Rock Hill back on 'best' list for young people

Rock Hill reclaimed a place on the "100 Best Communities for Young People" list this year, earning praise for its focus on volunteerism and mentoring, student test scores and partnerships with local clubs and agencies.

The award comes from America's Promise, an alliance of nonprofit, corporate and civic groups brought together by Colin Powell in 1997. Some 300 communities applied, and this year marks the school district's second appearance after debuting in 2006.

Local leaders touted the honor as a sign that Rock Hill is a good place to raise a family.

"This is really an impressive accomplishment, I think," said Mayor Doug Echols. "While we're here to celebrate, we all know there is much yet to be done. And we'll continue to work on that."

Left unsaid at an announcement party on Monday were a number of distinctions that represent less cause for celebration. Among them:

• One in five Rock Hill children younger than 18 are deemed as living below the poverty line, according to the most recent Census figures. Overall, the city's poverty rate is 14 percent.

• Forty-six percent of children qualify for free or reduced lunches.

• Fifty percent of local Hispanic and English as a Second Language students drop out before finishing high school. About 800 Hispanic students are enrolled. The district's overall dropout rate is 4.5 percent.

Dropout rate enters spotlight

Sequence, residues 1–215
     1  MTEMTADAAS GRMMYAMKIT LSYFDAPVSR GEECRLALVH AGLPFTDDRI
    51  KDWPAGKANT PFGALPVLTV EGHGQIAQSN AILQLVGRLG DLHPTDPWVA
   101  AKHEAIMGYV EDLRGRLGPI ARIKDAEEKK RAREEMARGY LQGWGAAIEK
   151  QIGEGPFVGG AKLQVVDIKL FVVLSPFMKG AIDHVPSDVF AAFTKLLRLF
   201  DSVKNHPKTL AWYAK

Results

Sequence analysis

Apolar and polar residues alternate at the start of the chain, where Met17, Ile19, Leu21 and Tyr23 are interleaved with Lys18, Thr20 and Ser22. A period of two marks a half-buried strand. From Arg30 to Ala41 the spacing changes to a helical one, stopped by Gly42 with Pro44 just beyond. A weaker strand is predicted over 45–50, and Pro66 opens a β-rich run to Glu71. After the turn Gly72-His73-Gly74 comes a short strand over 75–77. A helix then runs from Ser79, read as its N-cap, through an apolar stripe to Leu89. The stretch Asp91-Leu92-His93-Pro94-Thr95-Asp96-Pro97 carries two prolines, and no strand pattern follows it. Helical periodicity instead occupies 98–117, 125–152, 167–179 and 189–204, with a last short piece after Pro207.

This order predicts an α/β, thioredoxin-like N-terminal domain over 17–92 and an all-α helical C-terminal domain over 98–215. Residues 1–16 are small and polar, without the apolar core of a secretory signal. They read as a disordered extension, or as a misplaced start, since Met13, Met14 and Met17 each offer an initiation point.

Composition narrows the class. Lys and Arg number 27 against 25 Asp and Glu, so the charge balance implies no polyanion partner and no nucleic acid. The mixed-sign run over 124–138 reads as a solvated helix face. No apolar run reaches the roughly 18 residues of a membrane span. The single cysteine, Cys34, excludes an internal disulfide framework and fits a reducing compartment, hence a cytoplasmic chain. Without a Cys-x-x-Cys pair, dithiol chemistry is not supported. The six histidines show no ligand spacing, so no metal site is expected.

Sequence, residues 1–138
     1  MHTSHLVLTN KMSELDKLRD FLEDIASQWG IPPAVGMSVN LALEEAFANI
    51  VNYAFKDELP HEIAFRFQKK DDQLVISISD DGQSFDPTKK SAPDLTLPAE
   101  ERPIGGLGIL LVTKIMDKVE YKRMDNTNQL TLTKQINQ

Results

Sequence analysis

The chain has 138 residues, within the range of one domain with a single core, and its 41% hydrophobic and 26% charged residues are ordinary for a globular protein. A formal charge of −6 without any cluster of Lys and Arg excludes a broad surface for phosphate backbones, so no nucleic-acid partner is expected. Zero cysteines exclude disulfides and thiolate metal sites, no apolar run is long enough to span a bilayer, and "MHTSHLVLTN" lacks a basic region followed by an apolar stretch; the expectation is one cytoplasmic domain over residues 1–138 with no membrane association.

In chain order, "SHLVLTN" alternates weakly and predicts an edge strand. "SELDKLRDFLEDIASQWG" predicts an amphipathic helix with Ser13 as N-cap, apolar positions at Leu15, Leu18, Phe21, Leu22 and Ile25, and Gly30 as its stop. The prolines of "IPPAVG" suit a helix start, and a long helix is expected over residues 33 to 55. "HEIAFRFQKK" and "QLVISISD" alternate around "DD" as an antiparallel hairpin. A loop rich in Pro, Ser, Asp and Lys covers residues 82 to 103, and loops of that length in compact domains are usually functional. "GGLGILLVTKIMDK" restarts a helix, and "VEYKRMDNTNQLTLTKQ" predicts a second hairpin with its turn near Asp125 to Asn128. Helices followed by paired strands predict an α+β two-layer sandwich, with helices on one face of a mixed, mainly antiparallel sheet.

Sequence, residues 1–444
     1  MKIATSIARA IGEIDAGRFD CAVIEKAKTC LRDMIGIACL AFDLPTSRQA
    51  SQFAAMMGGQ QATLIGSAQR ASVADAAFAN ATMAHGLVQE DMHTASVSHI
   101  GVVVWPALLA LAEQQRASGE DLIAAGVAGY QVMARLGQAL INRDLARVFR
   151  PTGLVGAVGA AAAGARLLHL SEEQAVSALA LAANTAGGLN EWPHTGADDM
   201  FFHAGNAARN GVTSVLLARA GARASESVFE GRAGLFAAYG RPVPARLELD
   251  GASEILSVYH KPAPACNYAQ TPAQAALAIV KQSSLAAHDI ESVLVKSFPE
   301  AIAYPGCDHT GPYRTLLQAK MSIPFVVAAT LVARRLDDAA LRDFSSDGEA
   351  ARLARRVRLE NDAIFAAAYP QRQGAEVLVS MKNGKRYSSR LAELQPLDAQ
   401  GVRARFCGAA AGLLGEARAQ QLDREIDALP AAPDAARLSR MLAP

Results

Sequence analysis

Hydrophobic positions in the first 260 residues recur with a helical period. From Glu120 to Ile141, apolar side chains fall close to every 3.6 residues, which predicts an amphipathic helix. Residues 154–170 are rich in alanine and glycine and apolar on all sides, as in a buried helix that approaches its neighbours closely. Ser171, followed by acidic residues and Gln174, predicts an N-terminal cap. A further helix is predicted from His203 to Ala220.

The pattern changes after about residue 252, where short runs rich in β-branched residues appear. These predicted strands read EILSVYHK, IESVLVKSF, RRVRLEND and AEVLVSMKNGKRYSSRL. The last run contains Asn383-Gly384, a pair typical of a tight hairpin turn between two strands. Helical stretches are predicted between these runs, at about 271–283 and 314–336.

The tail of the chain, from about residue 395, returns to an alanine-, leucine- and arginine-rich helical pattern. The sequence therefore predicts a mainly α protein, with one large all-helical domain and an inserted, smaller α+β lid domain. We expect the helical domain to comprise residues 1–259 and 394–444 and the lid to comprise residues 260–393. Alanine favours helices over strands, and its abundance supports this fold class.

At Rock Hill's Confederate Park on Monday afternoon, some insights into the dropout trend could be gleaned from teens such as Veneton Smith. A 10th-grader at Rock Hill High School, Smith said he makes good grades and hopes to play varsity football next year as a wide receiver. But he has a cousin who recently dropped out.

"He said he can't work and go to school at the same time," said Smith as he waited to join a 5-on-5 pickup basketball game at the park.

Smith explained the spiral that leads students to drop out: Early on, they come to class but get frustrated and tune out their teachers. Then they fall behind on their work, and teachers don't have enough time to help them catch up. After a while, they just stop showing up.

District Superintendent Lynn Moody and Echols will soon create a committee to look deeper into the dropout rate and how to solve it, Moody announced Monday. The pair plan a dropout prevention summit during the spring or summer.

"There is still much work to do," Moody said.